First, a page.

JAMESTOWN — The newest member of the House of Delegates stood and shouted in protest on Tuesday during President Donald Trump’s speech about the birth of representative democracy, a breach of protocol that Republican leaders said violated House rules and fellow Democrats defended as free speech.
Del. Ibraheem Samirah, D-Fairfax, was escorted by Capitol Police out of the ceremony commemorating the 400th anniversary of the Virginia General Assembly, carrying a sign that said, among other things, “Deport Hate.”
“Mr. President, you can’t send us back, Virginia is our home!” Samirah shouted.
House Speaker Kirk Cox, R-Colonial Heights, chairman of the Jamestown-Yorktown Foundation, expressed disappointment over what he called Samirah’s “disrespectful outburst.”
“It was not only inconsistent with common decency, it was also a violation of the rules of the House,” Cox said in a statement.
The speaker’s office said there has been no discussion of potential consequences of allegedly violating the rules of a House narrowly controlled by a 51-48 Republican majority with elections for all assembly seats looming in November.
“I didn’t disrupt the peace, I spoke my mind. I walked out peacefully,” Samirah said in an interview after the ceremony.
Senate Majority Leader Tommy Norment, R-James City, co-chairman of the commemorative event with Cox, said Samirah’s protest was possible only because he was invited to the event as a member of the House.
“Don’t abuse the privileges of your office,” Norment said.
However, the majority leader, who presides over a 21-19 Republican advantage in the Senate, expressed relief that Trump wasn’t the one making unexpected news.
“Thank God, the president stayed on script!” Norment said.
Samirah’s protest drew mixed reactions from elected Democrats, some of whom remained in Richmond for a protest at the site of Lumpkin’s Slave Jail.
Lt. Gov. Justin Fairfax, a Democratic gubernatorial hopeful who has been battling what he says are false accusations of sexual assault, said the protest was consistent with the representative democracy established here in 1619.
“It’s not for me to approve or disapprove. ... People have had to find ways to make their voices heard,” Fairfax said.
On Twitter, Del. Lee Carter, D-Manassas, expressed support for Samirah.
“Not just a protester, that’s my friend and fellow lawmaker... . And I’m proud of him,” Carter tweeted.
Sen. Jennifer Boysko, D-Fairfax, who vacated the House seat that Samirah filled in a special election in February, said, “He was exercising his right to free speech.”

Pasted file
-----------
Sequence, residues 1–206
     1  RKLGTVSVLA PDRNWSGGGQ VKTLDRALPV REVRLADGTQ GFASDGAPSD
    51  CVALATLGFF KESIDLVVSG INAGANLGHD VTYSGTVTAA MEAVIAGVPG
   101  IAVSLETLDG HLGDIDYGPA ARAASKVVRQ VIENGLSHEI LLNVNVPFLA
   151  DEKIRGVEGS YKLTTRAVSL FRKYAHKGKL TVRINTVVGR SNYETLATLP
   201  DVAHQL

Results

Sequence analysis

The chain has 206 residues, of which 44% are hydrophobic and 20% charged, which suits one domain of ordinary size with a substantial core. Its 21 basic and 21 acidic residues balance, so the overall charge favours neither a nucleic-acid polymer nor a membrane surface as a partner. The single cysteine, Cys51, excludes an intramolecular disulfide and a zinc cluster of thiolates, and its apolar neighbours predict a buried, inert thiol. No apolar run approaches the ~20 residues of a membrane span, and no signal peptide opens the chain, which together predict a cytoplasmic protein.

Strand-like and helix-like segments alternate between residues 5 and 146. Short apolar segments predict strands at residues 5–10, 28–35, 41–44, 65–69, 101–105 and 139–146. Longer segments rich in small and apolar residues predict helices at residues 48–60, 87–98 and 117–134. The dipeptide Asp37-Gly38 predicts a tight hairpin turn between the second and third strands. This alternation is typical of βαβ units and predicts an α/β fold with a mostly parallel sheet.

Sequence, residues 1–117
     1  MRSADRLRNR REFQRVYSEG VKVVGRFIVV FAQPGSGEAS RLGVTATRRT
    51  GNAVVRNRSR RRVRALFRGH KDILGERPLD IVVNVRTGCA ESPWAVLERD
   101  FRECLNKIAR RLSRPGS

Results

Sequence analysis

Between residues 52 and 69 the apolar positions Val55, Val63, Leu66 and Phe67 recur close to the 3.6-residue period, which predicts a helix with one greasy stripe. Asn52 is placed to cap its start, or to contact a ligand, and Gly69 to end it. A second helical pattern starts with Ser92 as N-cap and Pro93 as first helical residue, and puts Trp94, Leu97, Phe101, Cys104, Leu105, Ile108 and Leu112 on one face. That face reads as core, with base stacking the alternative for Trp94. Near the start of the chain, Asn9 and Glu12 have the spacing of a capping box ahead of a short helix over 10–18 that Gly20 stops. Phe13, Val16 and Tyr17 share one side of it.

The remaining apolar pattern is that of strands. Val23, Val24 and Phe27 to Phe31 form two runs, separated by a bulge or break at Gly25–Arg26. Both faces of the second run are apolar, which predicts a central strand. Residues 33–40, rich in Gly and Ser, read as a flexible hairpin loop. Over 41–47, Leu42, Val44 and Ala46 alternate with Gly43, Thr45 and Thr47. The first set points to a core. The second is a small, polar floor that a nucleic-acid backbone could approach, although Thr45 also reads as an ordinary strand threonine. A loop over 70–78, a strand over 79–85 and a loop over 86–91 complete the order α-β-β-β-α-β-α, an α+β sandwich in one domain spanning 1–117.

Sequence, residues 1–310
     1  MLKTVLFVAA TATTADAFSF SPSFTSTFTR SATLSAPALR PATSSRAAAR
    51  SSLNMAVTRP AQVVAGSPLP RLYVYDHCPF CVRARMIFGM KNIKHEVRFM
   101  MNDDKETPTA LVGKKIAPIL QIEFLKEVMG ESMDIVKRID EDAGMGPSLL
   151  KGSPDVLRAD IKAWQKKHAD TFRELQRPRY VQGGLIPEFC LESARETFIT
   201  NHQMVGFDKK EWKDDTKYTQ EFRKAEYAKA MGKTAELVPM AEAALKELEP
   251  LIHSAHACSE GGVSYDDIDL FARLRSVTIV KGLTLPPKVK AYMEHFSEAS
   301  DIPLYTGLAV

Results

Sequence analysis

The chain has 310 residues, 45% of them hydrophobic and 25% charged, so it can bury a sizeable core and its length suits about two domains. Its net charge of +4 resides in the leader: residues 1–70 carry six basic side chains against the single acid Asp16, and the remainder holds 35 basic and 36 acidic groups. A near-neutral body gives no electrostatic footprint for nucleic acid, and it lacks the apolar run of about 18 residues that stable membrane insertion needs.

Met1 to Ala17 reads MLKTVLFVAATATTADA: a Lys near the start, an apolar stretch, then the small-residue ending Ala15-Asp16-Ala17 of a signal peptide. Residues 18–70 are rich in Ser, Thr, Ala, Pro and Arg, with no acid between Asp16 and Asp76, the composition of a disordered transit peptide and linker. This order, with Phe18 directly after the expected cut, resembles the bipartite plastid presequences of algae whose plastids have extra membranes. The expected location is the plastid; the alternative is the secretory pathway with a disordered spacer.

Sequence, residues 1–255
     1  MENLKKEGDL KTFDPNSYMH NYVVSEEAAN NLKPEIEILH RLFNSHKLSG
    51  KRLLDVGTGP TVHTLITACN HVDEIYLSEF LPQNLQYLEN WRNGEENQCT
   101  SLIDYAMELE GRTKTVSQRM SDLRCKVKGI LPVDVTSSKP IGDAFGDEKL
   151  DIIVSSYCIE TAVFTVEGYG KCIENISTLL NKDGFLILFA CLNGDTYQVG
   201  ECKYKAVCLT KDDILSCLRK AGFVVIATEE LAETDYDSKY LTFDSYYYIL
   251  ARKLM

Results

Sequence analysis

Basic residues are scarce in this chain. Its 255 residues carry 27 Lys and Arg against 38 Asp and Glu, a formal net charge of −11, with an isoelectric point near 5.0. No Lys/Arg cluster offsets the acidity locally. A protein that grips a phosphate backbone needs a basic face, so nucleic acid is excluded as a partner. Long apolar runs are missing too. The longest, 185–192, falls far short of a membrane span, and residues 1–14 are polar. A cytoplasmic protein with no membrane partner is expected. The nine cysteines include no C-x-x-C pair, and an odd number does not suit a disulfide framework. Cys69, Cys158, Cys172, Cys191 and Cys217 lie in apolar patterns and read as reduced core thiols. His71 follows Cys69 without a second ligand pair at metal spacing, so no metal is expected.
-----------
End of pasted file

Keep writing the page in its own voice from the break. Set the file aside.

Boysko, dressed in white with a colorful scarf from the 2017 Women’s March on Washington after Trump’s election, said she attended the ceremony to celebrate the 400th birthday of representative democracy in the Western Hemisphere.
“I showed up,” she said. “I think it’s important to show up.”
But U.S. Rep. Elaine Luria, D-2nd, elected in November as part of a second Democratic electoral wave in response to Trump, said she was “quite shocked” by Samirah’s protest.
“I thought it was very inappropriate for him to do something like that,” Luria said. “I would have liked to see a little more decorum.”
Sen. Bill Carrico, R-Grayson, a former state trooper who will retire in January, confronted Samirah while the delegate was sitting for a news interview.
“You’re an embarrassment to this body,” Carrico told Samirah. “You should have stayed at home!”
In a separate interview, the senator said, “This was no place for a member of the General Assembly to stand up and protest. What he did was just provoke more people to anger than he did for anything to promote his cause.”
The incident prompted chants of “Trump, Trump” during a speech that otherwise drew respectful applause.
Samirah, who is a Palestinian American, said he was prompted to protest in response to Trump’s attacks on four Democratic congresswomen, whom the president suggested “go back” to their countries, even though all are citizens and only one was born outside of the United States.
“As a Muslim American, as a Palestinian American, I refuse to ... be polite, be nice inside and not protest the president of the United States when he is here in town,” Samirah said.
Asked why he didn’t opt to boycott the event with other Democrats who chose not to attend, he said: “I think everybody has a way of protesting. I think that’s the beauty of democracy.”
Near the Jamestown Settlement where Trump spoke, a crowd of more than 70 protestors held signs that read, “Go Home 45” and, “Make Racism Wrong Again.”
Other Democratic lawmakers protested Trump in different ways. Del. Mark Levine, D-Alexandria, attended Tuesday’s event but walked out during Trump’s speech.
“I didn’t shout, or disrupt the event,” said Levine, one of a dozen Democrats who wore white roses on their jacket lapels as a symbol of protest. “I did it differently from Ibraheem, but I felt that I needed to walk out and I did.”